Possibly Cthulu
August 16, 2011 6:29 PM   Subscribe

What are these writhing green worms I found under a rock at low tide?

My first guess was that they were the intestines of some kind of creature that digests things externally, but they didn't seem to belong to anything nearby. Are they just really weird worms?

Sorry for the occasionally shaky/out-of-focus video.
posted by Rinku to Science & Nature (7 answers total) 9 users marked this as a favorite
 
I have no idea what that stuff is but it's exactly what I imagine gillyweed would look like. I'm totally creeped out that it's real.
posted by TooFewShoes at 7:00 PM on August 16, 2011


Based on the mussel shells and crappy rock beach (and your location), I'm going to assume you're in the PNW. It looks just like the pictures of "green leaf worms" found in Europe, but it's probably not that. Could you see if it was segmented like a regular worm? Did it have creepy, hairy things growing around it?
It could be a regular sea worm that came loose and floated to shore. Or it could be a ravenous killing annelid.
posted by fiercekitten at 7:22 PM on August 16, 2011


Those both look like loner-type worms, fiercekitten, and this was like a little ball of writhing green living angelhair pasta. It was a whole bunch of things squirming all over each other, rather than a single animal. I think.
posted by Rinku at 7:34 PM on August 16, 2011


And yeah, location is outside of Seattle.
posted by Rinku at 7:35 PM on August 16, 2011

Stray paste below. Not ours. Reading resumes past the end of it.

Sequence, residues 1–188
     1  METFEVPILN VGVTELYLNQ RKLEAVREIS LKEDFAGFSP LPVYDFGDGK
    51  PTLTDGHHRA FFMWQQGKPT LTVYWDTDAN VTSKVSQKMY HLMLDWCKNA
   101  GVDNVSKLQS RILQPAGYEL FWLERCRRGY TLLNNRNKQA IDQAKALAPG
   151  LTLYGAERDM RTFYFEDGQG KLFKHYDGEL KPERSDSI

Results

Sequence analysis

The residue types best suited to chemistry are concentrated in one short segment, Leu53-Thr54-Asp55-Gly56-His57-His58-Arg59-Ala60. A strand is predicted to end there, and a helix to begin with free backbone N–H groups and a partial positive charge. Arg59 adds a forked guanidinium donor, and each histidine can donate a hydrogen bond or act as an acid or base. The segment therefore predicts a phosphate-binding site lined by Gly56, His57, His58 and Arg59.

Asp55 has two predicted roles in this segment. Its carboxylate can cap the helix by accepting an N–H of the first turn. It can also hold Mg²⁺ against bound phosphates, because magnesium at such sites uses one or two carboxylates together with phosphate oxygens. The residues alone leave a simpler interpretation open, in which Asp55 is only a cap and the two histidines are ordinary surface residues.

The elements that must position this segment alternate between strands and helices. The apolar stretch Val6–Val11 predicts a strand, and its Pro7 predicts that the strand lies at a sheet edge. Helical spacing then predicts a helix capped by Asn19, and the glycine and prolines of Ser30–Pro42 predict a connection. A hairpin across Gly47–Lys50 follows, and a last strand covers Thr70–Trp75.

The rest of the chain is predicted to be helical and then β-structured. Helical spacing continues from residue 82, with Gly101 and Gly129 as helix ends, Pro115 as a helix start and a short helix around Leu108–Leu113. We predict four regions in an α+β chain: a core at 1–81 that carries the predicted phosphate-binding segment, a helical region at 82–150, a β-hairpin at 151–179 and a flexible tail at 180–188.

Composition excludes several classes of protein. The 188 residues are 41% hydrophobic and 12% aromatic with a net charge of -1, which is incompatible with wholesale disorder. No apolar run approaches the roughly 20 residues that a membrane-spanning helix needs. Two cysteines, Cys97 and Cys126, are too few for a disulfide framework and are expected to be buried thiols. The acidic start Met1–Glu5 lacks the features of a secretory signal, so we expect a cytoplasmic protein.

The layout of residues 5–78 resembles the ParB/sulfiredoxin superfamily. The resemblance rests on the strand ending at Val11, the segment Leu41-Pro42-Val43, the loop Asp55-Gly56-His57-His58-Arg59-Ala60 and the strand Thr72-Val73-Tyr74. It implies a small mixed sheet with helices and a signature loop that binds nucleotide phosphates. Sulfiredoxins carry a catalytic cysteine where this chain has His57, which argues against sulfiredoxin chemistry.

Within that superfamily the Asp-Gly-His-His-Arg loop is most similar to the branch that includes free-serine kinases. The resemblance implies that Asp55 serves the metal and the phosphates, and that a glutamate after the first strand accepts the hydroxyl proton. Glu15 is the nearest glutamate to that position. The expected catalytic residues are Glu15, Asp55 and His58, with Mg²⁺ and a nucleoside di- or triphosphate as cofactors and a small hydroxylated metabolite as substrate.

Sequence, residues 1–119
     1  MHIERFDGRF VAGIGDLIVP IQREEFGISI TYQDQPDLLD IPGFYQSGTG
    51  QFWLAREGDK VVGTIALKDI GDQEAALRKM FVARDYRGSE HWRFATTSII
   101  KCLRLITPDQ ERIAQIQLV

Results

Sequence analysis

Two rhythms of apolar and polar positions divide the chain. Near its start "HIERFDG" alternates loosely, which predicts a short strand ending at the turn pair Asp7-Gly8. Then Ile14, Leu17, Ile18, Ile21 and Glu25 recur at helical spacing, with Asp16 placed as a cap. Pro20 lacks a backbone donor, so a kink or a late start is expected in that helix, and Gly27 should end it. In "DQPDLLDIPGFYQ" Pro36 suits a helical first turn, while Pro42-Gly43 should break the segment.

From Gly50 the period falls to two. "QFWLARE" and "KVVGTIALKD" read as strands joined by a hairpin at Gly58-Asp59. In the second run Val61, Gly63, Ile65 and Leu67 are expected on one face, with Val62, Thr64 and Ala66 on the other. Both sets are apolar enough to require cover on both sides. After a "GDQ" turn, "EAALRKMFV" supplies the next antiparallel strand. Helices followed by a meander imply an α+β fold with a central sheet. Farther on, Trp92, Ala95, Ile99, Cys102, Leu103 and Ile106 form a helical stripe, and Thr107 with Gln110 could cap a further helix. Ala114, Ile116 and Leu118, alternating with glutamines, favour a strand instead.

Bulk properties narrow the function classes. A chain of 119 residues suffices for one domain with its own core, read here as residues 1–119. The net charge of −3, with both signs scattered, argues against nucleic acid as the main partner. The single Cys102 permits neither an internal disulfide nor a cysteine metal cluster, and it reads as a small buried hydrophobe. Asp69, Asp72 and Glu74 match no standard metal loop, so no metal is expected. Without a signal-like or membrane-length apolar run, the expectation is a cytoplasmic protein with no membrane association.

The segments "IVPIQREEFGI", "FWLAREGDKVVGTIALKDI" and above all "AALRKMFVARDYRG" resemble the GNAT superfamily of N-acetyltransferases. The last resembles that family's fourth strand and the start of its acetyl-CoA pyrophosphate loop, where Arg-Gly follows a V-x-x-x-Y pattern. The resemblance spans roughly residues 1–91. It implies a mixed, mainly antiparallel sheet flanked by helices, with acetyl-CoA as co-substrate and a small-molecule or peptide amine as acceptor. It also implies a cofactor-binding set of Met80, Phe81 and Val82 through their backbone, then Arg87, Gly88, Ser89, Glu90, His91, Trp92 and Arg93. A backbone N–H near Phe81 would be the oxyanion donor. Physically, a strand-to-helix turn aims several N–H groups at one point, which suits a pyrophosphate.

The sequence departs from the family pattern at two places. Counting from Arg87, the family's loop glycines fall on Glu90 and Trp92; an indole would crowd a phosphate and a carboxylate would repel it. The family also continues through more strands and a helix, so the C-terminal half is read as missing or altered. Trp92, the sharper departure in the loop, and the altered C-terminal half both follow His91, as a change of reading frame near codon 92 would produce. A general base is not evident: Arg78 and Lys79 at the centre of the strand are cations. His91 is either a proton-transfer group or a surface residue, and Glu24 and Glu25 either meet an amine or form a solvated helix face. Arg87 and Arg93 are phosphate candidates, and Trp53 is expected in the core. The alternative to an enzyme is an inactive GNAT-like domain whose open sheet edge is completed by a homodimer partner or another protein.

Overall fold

Maybe a clam (or pile) worm? Some photos from this page if you follow the links, though nothing green. I've seen those same worms on beaches in the area.
posted by maxwelton at 8:25 PM on August 16, 2011


Maybe some kind of eel?
posted by brujita at 9:31 PM on August 16, 2011


I'm thinking maybe Emplectonema gracile:
A fairly common species on rocky shores. Occurs intertidally beneath stones and boulders on coarse muddy silt, shelly gravel or silty sand, in rock crevices and clefts, in cavities in boulders, in mussel beds or among the holdfasts of laminarians. Mostly occupying the mid- to lower-shore levels, the species may occasionally be found crawling between barnacles high up the shore when the tide is out. Copious amounts of a thick and sticky mucus are secreted when the animal is disturbed, and fine particles of mud or silt may adhere to the mucus to form a tube in which the animal rests. Among algal holdfasts or beneath boulders Emplectonema gracile is most frequently found with its body in a knotted tangle which is extraordinarily difficult to unravel without rupturing it. (cite)
posted by hades at 12:18 AM on August 17, 2011


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